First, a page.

CFP: ‘Unfolding the Past: The Materiality and Temporality of Medieval Southern Italy (I & II)’, International Congress on Medieval Studies 2023, deadline 15 September 2022

Southern Italy offers a vast and diverse collection of historical evidence. Since Antiquity, the region has been hosting civilizations committed to a thorough preservation of memory in the forms of both historic narratives and the material legacy of the past. During the Middle Ages, the splitting in separated cultural entities in contrast with each other, prompted the reclamation of the past for specific political agendas.

For instance, Norman rulers reinstalled cults from Paleo-Christian times, displaying a variety of material evidence, such as allegedly recovered bodily remains or supposed burial sites of early martyrs. Manifold are the examples on the architectural scale, such as Naples’s gothic Duomo: its pillars include juxtaposed marble columns likely taken from the early Cathedral complex, thus materially folding Christian Antiquity onto the present and hence strengthening the local episcopal authority fostered by the new Angevin rulers.

This double session aims at collecting study-cases of re-temporalized Past in Medieval Southern Italy. We are primarily interested in material evidence of conceptualizations of time, i.e. embodied by architecture and other works of art, by the use of spolia in various contexts, by collections of objects from different strata of time, by the mise-en-scène of relics and traces, etc. Instead of projecting intellectual constructs such as Antiquarianism back into the past we are interested in the immanence of history in the process of constructing the present. We propose to further explore the range of practices dealing with the folding and unfolding of time in the political and social reality of Medieval cultures.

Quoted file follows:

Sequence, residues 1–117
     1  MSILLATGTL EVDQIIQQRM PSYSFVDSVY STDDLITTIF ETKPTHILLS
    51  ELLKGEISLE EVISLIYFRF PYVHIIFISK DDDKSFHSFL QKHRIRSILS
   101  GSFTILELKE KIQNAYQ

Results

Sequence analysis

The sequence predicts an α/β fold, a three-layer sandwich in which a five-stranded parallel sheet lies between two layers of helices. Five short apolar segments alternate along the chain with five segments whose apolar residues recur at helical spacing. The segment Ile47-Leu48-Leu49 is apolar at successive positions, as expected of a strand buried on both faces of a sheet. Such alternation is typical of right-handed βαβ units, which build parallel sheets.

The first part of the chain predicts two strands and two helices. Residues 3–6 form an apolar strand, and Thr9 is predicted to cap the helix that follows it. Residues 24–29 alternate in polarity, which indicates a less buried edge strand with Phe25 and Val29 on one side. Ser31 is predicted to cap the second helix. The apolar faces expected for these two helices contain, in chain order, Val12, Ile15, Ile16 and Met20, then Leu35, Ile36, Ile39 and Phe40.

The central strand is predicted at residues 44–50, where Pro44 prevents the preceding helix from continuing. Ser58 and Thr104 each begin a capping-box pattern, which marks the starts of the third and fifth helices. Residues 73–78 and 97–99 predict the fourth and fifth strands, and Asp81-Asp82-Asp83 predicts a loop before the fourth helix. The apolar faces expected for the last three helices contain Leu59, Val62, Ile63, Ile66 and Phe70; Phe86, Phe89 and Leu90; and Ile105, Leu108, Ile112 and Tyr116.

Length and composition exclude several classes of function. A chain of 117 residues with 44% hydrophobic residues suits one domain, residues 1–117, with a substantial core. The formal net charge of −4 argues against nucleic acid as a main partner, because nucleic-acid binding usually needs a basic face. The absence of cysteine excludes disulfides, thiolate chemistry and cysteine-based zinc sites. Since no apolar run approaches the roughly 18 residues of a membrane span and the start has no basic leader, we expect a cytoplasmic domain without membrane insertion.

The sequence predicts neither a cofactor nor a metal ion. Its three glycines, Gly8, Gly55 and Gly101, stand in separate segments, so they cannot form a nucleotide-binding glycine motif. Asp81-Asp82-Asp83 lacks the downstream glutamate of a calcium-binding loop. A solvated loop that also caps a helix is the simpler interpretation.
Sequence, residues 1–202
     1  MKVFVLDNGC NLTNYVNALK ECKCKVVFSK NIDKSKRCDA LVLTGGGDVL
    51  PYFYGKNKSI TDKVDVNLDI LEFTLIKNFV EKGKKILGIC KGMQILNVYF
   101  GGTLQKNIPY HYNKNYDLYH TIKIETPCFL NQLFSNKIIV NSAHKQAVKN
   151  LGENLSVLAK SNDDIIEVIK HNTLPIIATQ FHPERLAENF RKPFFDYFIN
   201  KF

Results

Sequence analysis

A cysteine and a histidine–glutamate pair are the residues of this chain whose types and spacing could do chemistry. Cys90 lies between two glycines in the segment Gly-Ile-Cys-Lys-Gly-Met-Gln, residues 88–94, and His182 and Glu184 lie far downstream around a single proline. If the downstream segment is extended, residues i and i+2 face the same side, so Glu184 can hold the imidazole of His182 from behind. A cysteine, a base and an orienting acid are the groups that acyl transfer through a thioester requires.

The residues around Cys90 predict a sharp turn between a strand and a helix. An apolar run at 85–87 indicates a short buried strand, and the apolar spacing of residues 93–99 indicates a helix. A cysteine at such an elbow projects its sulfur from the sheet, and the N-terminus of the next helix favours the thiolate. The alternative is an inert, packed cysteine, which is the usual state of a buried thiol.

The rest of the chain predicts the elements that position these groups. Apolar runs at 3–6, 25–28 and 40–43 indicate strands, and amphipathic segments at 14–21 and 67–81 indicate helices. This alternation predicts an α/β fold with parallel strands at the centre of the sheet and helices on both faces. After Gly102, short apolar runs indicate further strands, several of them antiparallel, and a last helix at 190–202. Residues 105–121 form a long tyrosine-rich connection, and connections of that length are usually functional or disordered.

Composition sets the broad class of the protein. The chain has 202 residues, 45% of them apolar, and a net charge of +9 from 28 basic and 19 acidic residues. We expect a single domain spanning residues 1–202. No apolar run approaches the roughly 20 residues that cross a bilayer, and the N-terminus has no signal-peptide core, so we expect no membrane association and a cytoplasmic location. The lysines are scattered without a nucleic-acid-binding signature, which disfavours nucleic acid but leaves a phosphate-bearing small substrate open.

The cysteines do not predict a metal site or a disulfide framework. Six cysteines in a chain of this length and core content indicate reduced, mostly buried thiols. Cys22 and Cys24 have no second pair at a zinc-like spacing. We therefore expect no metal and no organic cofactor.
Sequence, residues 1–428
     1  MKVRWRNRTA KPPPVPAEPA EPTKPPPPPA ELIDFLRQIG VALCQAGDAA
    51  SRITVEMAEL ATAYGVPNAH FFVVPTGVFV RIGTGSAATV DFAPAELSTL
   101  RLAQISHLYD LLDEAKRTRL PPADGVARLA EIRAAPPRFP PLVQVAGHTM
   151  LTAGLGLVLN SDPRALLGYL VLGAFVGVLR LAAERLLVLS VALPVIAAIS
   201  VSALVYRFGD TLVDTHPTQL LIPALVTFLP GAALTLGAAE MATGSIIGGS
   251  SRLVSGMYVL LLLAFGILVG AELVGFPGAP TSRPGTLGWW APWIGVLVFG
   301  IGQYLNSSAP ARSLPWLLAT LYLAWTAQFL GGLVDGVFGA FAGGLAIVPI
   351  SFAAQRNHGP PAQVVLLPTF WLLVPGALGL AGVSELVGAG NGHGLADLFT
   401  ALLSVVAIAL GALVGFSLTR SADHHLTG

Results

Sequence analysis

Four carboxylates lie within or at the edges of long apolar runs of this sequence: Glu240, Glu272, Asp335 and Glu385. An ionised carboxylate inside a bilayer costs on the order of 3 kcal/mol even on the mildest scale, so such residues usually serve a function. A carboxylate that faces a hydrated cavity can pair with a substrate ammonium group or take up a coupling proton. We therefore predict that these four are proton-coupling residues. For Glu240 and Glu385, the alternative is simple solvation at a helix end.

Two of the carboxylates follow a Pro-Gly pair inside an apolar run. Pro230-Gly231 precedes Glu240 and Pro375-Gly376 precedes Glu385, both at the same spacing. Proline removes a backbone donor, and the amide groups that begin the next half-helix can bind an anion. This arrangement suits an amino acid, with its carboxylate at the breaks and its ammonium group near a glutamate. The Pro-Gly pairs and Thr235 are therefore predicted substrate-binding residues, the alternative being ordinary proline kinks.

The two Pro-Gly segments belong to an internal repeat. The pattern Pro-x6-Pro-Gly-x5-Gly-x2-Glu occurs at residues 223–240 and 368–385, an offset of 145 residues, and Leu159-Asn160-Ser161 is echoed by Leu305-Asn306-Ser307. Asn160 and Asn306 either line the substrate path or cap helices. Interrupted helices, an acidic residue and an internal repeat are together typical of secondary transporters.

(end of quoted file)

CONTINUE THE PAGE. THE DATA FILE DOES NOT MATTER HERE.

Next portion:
Paper proposals must include:
• Author’s name, affiliation, and contact information
• Paper Title (15 words max)
• Abstract (300 words max)
• Short description (50 words)

Please submit abstracts no later than September 15, 2022, at the Confex submissions portal

Session Organizers:  Antonino Tranchina, Bibliotheca Hertziana – Max Planck Institute for Art History in Rome,, and Adrian Bremenkamp, Bibliotheca Hertziana – Max Planck Institute for Art History in Rome,

Sessions Sponsored by the Italian Art Society

Please note: As this is a sponsored panel, all speakers must be (or become) members of the Italian Art Society in 2023. Please note that there are free one-year sospesi memberships available for eligible speakers in IAS sponsored sessions. Information can be found on our website here:

The IAS offers several types of conference travel grants which help support graduate students and junior scholars, as well as scholars who are traveling internationally to present in IAS- Sponsored sessions. Applications for these grants are announced and opened in the late fall.

More information on the various conference travel grants be found on our website:


Published by Roisin Astell

Roisin Astell received a First Class Honours in History of Art at the University of York (2014), under the supervision of Dr Emanuele Lugli. After spending a year learning French in Paris, Roisin then completed an MSt. in Medieval Studies at the University of Oxford (2016), where she was supervised by Professor Gervase Rosser and Professor Martin Kauffmann. In 2017, Roisin was awarded a CHASE AHRC studentship as a doctoral candidate at the University of Kent’s Centre for Medieval and Early Modern Studies, under the supervision of Dr Emily Guerry.

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